In Nia, we focus our movements on the 13 major joints and 20 digits. Understanding the form and function of the joints can help us make skillful choices in regards to how we use them! (Adapted from the Nia White Belt Manual)
Your feet carry the weight of your entire body. For your body weight to be supported and balanced, your ankles must move freely, fluidly, and have complete range of motion. Maintaining proper strength and flexibility in your ankle joints provides support. Any chronic shortening of a tendon or muscle in the feet and around your ankles will decrease your feet and leg power and thus decrease your ability to move and dance freely. If your ankles are stiff, your grace, mobility, balance, and fluid movement will be diminished.
Like hinges of a door, your knees function best when they move in a single plane. Ideally, the knee and ankle joints are aligned, and stacked over each other, both facing the same direction. When the foot rotates to the side, your knee should also rotate. When the foot is directed forward, the knee should also point forward.
When the knees function correctly, you sense stability, not tension or wobbling, pulling or dragging to one side. The direction of your feet dramatically affects the functioning of your knees and legs. If the inseam of the foot isn’t firmly grounded or you collapse on the arch, your knee and pelvic basin rotates, stressing both knee and hip joints.
Mechanically, muscles, ligaments, tendons, connective tissue and bones weave together to support the structure of your knee. Like elbows, knees are not designed to support extreme weight but to transfer energy from one set of bones to another. Sturdy, strong legs require flexible, pliable knees to maintain leg strength. Locking the knees compresses the cartilaginous elements and cuts off the energy flow that supports your legs. When you lock your knees, or press them back, you use the bones rather than the muscles for support. You stand on your bones. This creates a weakening in the legs that results in muscle and energy atrophy and a loss of strength.
When executing cross over motions, be conscious of placing your feet and knees in the same direction. Avoid putting lateral strain on the knees by sensing for comfort from the ground up, comfort in all your joints – the feet, ankles, knees, and hips. Over time, as your ankles, knees, and hips become more flexible, your leg agility and strength will improve. You’ll be able to step out further, sink deeper, and move laterally more quickly. Every movement will feel effortless when the knee is correctly aligned.
The pelvis is the bottom of the three body weights and a base for the other two weights, chest and head. The pelvis is said to be “the seat of the soul.” It is literally what your torso and head sit in. When the pelvis is tight and constricted, your “seat” is an uncomfortable chair. When the pelvis is free and fluid, your “seat” is royally comfortable.
Denying full movement to the pelvis will result in the loss of physical strength and support from your low back, feet, and legs. It will also diminish your ability to maintain proper breathing and limit your overall endurance.
Your pelvis is a support structure that provides the body with a foundation for bearing and balancing weight. The sacro-lumbar junction, the joint that joins the sacrum and the lumbar vertebrae, creates a base to support upright, bipedal posture. This powerful, secure, yet movable junction is located at the back of your pelvis. For additional support, at the end of your sacrum is the coccyx. Here the attachment of individual muscles provides a strong pelvic floor.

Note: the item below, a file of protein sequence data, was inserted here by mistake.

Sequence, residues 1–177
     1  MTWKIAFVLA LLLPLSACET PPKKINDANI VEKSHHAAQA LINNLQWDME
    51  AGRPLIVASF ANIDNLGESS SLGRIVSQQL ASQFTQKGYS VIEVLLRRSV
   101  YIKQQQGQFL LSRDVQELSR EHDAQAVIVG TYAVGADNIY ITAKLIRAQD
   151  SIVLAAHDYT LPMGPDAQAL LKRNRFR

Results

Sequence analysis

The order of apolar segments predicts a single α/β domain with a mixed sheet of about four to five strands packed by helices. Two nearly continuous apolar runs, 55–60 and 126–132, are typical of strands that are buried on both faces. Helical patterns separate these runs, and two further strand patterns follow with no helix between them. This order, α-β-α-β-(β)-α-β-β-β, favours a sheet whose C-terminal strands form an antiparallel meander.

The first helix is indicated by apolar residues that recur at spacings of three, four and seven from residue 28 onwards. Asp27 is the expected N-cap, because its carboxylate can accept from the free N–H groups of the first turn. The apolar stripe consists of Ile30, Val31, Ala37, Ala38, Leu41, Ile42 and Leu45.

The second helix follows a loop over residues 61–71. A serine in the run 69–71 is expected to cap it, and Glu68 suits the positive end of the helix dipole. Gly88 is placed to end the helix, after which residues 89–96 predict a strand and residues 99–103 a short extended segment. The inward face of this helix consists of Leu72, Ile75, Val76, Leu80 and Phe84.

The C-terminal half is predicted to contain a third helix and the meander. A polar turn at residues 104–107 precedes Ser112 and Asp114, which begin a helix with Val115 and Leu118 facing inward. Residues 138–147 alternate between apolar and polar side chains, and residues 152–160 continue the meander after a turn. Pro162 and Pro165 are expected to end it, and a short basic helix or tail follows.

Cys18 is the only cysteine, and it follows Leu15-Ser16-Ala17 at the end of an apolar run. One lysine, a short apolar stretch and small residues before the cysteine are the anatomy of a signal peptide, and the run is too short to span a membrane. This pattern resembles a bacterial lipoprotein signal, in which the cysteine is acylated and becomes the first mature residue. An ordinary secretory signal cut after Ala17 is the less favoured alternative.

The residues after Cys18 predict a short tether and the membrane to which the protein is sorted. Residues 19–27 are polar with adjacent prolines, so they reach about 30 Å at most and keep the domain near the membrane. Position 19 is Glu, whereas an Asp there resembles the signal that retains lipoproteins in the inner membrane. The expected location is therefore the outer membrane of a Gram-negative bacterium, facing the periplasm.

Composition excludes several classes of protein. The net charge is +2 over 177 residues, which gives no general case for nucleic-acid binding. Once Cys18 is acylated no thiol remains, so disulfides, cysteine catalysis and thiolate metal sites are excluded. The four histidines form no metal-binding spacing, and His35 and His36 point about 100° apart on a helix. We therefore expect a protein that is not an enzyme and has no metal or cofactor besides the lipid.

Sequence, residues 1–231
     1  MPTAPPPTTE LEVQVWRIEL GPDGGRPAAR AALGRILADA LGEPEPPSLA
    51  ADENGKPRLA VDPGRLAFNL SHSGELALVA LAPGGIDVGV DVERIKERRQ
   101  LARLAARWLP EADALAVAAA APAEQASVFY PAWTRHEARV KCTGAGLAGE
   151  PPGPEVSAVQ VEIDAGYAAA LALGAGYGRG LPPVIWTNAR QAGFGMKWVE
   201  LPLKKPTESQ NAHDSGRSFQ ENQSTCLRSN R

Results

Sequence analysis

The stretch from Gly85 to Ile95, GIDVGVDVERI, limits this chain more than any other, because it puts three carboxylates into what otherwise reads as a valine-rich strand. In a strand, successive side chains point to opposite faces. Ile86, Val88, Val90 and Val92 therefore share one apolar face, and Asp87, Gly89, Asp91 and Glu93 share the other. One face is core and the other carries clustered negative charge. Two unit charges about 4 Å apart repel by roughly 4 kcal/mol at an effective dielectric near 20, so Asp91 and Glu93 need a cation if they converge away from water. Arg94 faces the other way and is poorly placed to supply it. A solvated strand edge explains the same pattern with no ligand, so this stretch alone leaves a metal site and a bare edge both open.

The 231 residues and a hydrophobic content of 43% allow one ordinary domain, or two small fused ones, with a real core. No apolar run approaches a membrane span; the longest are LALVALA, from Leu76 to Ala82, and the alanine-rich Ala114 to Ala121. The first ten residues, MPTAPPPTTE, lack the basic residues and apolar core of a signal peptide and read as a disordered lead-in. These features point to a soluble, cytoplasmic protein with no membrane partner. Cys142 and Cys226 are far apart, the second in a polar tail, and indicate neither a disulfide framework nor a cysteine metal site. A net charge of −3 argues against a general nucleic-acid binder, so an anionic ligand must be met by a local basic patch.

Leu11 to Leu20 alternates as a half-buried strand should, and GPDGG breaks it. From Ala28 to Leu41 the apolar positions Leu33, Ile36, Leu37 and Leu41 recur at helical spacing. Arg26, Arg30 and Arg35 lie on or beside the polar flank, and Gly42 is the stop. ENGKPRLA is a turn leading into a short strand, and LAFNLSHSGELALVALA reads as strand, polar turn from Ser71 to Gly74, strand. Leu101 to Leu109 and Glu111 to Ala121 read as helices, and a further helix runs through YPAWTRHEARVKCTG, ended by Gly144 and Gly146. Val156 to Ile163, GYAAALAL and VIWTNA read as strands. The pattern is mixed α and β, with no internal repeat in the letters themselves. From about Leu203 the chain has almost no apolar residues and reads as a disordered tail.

Your body may send you painful and uncomfortable signals that indicate your pelvis is out of alignment. Pain in the hip sockets, sacrum, or low back, weakness in the legs, and the inability to comfortable draw your thighs up toward your chest are signs that your pelvis lacks fluidity or alignment. When properly aligned, it is free to move in all directions. When bone alignment is healthy, it reflects balanced muscles, both intrinsic and extrinsic. When the pelvis can move freely in all directions, your back will become strong and healthy.
To function properly, the pelvis must have the ability to move in all directions. If you can move your pelvis while stabilizing your legs and move your thighbone while stabilizing your pelvis, this is a good sign that your hip socket is open and healthy. What keeps the pelvis and the hip joint healthy is movement, particularly movement it is designed to do. A wide variety of movements and ranges of motions keep the hip flexors and the hip joint healthy.
The spine, consisting of 26 vertebrae (7 cervical, 12 thoracic, 5 lumbar, and the sacral coccygeal) is a long strand of bones that creates a column, a “long, blue body of light.” The spine is a carefully contoured and designed masterpiece that moves and provides a structural support system. These 26 bones, vertebrae, vary in size and are individually formed like cylinders to bear different amounts of body weight. These cylinders provide a protected passage for nerves and the spinal cord to pass through. Its magnificent design makes it possible for you to stand, sit, walk, turn, bend, run, jump and leap!
Any stiffness, thickening or immobility of the spine results in the spine embedding itself into the soft tissue of your back muscles. This, as well as any extreme or held rotation of the vertebrae, impairs free and efficient movement. Observe how the spine provides stability and freedom. Isolate individual ranges of motion. Notice how the alignment of the spine either diminishes or feeds the body with energy. Pay attention to the placement of the spine in relationship to your foundation and free movement.